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03-06-12, 03:55 PM #11
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Re: MPs brawl in unity bill chaos
Reds urged to fight for stalled bill
THAKSIN CLAIMS POWER GRAB HAS BEGUN
Published: 3/06/2012 at 02:20 AMNewspaper section: News
Former prime minister Thaksin Shinawatra heightened political tensions Saturday by urging his red shirt supporters not to accept what he referred to as another attempt to usurp power from the people.
TRUTH SATURDAY: Thousands of red shirt supporters cheer as they listen to former prime minister Thaksin Shinawatra address them via a video link at Muang Thong Thani in Nonthaburi. The red shirts celebrated the fifth anniversary of their television programme Truth Today Saturday. PHOTO: APICHIT JINAKUL
In a fiery speech to red shirts gathered at the Thunder Dome, Impact Muang Thong Thani in Nonthaburi, Thaksin said the Constitution Court's suspension of the charter amendment bill debate was an attempt to destroy the government.
"Are you going to let them steal our power again?" he said via a video link from an undisclosed location.
"We cannot trust the situation now since they still won't play by the rules.
See also: Pheu Thai blasts Constitution Court
"I had earlier thought reconciliation would happen soon, but it won't."
The red shirts were attending an event to mark the United Front for Democracy against Dictatorship's fifth anniversary of their television programme Truth Today.
UDD leaders took the stage to attack the charter court's order and the opposition to the reconciliation bills led by the Democrat Party and the yellow shirt People's Alliance for Democracy.
Thaksin said the Constitution Court's order for the House to suspend vetting of the charter amendment bill marked a new effort to take power back from the people after the 2006 coup that toppled his government.
The charter court on Friday resolved to review complaints over whether the bill was constitutional.
The judges ordered parliament to suspend the deliberation of the bill, scheduled for a third and final reading on Tuesday.
"It now depends on the House speaker [Somsak Kiatsuranont] whether he will follow or defy the court's order," Thaksin said.
He said some people were trying to destroy the Pheu Thai-led government, which had been working hard for the people.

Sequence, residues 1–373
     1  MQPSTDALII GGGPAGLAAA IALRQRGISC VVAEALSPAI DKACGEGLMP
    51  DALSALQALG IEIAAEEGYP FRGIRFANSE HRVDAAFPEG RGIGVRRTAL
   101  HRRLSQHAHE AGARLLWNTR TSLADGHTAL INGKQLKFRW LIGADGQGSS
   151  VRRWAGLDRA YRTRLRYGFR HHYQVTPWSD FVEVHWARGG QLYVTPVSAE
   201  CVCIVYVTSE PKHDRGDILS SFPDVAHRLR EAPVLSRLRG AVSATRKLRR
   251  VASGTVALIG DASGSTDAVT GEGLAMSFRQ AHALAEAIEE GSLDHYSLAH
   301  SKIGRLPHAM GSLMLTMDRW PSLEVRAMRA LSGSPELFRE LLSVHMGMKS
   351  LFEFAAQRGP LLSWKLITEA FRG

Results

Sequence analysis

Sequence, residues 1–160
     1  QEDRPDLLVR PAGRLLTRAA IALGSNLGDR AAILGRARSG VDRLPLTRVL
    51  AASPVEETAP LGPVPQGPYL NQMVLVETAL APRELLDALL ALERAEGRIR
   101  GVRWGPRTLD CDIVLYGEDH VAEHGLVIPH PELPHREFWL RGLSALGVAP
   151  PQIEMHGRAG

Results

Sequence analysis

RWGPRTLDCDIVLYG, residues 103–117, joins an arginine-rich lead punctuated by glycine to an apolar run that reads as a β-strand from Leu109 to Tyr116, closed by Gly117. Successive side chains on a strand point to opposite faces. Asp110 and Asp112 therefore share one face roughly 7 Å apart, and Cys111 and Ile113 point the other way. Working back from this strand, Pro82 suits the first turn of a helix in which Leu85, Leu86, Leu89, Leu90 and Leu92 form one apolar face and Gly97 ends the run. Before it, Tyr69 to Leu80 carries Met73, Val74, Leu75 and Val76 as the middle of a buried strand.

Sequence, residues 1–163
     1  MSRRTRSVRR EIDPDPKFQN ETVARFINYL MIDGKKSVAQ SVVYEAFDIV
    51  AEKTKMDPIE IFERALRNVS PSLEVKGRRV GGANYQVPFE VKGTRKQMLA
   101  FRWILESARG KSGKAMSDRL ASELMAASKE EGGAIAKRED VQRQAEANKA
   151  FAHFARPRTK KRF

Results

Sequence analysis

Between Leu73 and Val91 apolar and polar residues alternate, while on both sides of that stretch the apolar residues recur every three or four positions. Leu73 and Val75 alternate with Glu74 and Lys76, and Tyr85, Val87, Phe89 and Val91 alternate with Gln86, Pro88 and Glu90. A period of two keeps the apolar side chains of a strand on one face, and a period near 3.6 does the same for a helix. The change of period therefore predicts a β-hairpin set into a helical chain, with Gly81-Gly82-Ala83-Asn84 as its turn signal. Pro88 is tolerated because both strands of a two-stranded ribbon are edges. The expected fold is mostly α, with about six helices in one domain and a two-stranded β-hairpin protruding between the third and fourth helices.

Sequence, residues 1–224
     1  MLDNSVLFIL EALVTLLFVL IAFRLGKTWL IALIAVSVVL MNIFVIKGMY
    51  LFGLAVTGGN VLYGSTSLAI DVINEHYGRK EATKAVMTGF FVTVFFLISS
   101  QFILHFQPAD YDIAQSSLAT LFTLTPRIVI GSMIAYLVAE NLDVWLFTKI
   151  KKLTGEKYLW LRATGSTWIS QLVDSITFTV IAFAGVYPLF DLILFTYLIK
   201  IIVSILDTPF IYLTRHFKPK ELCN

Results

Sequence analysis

"They should know that hurting Pheu Thai means hurting the Thai people who chose us," Thaksin said. He insisted the 46 billion baht seized from him after the coup had been legally obtained.
The coup-appointed Assets Scrutiny Committee's investigation led to the Supreme Court ruling in 2010 to seize the money after finding the former premier had abused his power to benefit his family's telecom business.
"I had 86 billion baht worth of assets before I entered politics, but they stole 46 billion from me," Thaksin said.
The delay in considering the bill was confirmed by Deputy House Speaker Charoen Chankomon and House of Representatives secretary-general Pitoon Phumhiran Saturday.
On Friday a large number of the bill's opponents rallied outside the parliament, claiming it was intended purely to help Thaksin return home a free man and recoup the 46 billion baht in seized assets.
Government chief whip Udomdej Rattanasathien denied Pheu Thai was trying to push the bill through in haste.
Pheu Thai spokesman Prompong Nopparit Saturday said postponing this week's House session showed the ruling party was willing to take its time.
Prime Minister Yingluck Shinawatra reiterated in her weekly talk programme Saturday that national reconciliation procedures should be ironed out in parliament.
However, she maintained the people's opinions must be considered.
"No one wants to go with what society can't accept," Ms Yingluck said.
The PAD Saturday announced it had cancelled a protest set for Tuesday, but told its yellow shirt supporters to be on standby.
The multi-coloured shirts group also put off a Tuesday gathering but vowed to regroup immediately if the bill is put beore the House.
04-06-12, 05:29 AM #12
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Re: MPs brawl in unity bill chaos: Thaksin urges Reds to fight for bill
Charoen threatens to defy order
Jaturon says injunction is start of coup d'etat
Published: 4/06/2012 at 03:00 AMNewspaper section: News
Government MPs are likely to defy the Constitution Court's order for the House to suspend deliberations on a charter amendment bill by proceeding with the last reading of the measure this week.